I love a good cookery challenge so, when my friend Gylda asked me if I’d like some medlar fruit from her orchard, I jumped at the chance. Most foods are best thrown away when they start to rot, but not medlars. To be eaten or processed in any way the fruit needs to be partially rotted or fermented until its flesh turns soft, sweet, and toffee apple-like. This rotting process for medlars is called ‘bletting’; it’s a word I’d never heard before but I just love saying it. So, first, ‘blet your medlars’ by leaving them spread out in a single layer on a tray or in a box for up to three weeks until soft and squishy. Then, you just have to decide what you’re going to do with them.
You can eat them with a spoon, scooping the flesh straight out of the shell (fiddly), or serve it stirred into whipped cream, custard or yoghurt. Or you can preserve them by making jelly or ‘fruit cheese’ which is delicious cut in slices with cheddar or blue cheese. I decided to make the medlar cheese to serve with our actual cheese course at Christmas. When making jelly, the pulp is usually discarded, the fruit cheese is made from the strained pulp and juice, which is cooked down until very thick and set in lightly oiled moulds.
- Medlars, well bletted – a couple of kilos is enough to make quite a lot of fruit cheese
- Unrefined sugar – use proper jam sugar as bletted medlars are low in both pectin and acid
- Fresh lemon juice
- Flavouring options: Grated fresh ginger – just the juice about 1 tsp. You could also use vanilla paste, cimnnamon or orange zest.
- Put the bletted medlars in a preserving pan or large thick-based saucepan and add enough water to come about third of the way up the sides of the fruit. Don’t overdo the water as you’ll only have to cook it off later. Squash the soft fruit with a potato masher, then bring the mix to a boil. Turn the heat down low and simmer, stirring occasionally, for 15-20 minutes.
- Tip the cooked medlars into a colander set over a bowl and push the pulp through. Discard or compost the waste. Pass the pulp through a sieve to remove the very last of the seeds using the back of a spoon or a ladle, then weigh the resulting puree. Put it back into your clean preserving pan or a deep saucepan with half its weight in sugar and the juice of half a lemon for every 500g of puree. Add your flavouring: press the grated ginger through a tea strainer so only the juice goes into the mixture or stir in vanilla paste or cinnamon. Bring to the boil and then cook gently for 30 minutes or so. Stir it regularly with a long handled spoon so that it doesn’t catch or burn you, until the mixture turns thick and jammy. If using a thermometer, the setting point for jam is 104.5C. For this, I found I needed to get to about 100C to thicken it properly – it’s like molten lava so do be careful. I undercooked mine the first time and had to reboil it – it needs to thicken and set so it can be sliced.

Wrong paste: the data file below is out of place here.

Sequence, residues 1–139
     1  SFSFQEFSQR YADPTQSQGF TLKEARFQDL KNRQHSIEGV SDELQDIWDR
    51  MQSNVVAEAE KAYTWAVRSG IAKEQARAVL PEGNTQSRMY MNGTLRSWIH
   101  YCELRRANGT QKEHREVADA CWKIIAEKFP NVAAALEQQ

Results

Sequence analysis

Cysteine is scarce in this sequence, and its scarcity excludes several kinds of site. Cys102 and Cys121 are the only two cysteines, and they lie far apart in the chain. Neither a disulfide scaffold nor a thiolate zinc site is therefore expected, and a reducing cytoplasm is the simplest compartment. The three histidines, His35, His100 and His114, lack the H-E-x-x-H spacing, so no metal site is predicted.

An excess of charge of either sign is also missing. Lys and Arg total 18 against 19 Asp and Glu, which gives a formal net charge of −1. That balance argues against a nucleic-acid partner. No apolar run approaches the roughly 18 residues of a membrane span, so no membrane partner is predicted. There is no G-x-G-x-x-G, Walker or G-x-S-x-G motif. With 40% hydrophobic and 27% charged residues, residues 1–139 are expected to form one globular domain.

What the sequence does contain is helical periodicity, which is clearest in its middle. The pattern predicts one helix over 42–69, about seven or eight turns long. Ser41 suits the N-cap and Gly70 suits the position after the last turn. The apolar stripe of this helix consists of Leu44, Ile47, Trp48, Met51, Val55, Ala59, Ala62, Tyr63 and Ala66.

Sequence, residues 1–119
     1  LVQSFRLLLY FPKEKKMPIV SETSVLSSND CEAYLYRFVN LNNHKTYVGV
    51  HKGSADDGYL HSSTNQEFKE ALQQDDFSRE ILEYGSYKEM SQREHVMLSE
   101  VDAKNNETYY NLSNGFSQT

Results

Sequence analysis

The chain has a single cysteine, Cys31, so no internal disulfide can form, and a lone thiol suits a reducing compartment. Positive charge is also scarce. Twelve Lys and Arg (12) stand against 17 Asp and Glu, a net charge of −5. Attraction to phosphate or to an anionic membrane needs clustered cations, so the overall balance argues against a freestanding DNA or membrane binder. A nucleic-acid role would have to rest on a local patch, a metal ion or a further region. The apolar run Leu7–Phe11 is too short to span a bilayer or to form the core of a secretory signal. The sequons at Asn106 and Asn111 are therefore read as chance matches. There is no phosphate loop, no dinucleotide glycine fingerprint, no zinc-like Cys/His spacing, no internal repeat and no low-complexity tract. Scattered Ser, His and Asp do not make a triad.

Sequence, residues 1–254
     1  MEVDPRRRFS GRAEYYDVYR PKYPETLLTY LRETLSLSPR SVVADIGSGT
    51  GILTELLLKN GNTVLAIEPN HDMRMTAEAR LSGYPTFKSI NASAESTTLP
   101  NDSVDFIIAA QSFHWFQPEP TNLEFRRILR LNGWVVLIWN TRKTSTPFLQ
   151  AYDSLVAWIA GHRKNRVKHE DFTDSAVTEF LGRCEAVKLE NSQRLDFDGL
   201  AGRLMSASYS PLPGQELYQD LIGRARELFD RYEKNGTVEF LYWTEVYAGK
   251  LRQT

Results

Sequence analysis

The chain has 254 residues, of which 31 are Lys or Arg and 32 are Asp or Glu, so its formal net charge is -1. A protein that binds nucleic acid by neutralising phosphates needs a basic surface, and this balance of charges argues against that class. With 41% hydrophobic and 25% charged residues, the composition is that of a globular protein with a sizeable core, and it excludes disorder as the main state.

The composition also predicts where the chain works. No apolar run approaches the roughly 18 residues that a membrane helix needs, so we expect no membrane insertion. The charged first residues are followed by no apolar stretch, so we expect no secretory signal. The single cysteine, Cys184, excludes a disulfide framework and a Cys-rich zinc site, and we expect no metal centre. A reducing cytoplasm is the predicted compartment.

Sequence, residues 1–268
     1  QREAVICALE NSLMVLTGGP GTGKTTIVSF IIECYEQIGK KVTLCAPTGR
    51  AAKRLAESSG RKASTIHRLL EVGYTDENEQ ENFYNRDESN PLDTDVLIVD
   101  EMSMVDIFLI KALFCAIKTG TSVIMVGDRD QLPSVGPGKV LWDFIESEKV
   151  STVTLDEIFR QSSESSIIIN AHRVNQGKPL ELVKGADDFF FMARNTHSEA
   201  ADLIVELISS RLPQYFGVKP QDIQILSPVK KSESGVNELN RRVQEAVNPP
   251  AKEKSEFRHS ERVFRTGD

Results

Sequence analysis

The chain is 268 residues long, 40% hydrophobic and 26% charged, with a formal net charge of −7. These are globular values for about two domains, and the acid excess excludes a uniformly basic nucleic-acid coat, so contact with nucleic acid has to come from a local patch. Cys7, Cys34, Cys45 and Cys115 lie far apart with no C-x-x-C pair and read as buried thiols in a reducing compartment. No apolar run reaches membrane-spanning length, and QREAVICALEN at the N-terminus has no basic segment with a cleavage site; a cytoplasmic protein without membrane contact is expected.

- Spoon into oiled moulds or a shallow dish, and refrigerate until set. To serve, turn it out of the mould or cut in slices. The “cheese” will last at least a year.
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These are the most straight-forward directions I have seen for how to process medlars. We have a tree full of them and very limited experience with knowing what to do with them! They are even more unusual in the United States than other places. If my attempts come out well, I will post them in 3-4 weeks. Thanks!
Thank you Libby. I must have consulted a dozen or more books and websites to put this together. I’m very pleased with how it’s turned out and the flavour is lovely, certainly as nice as membrillo made with quinces.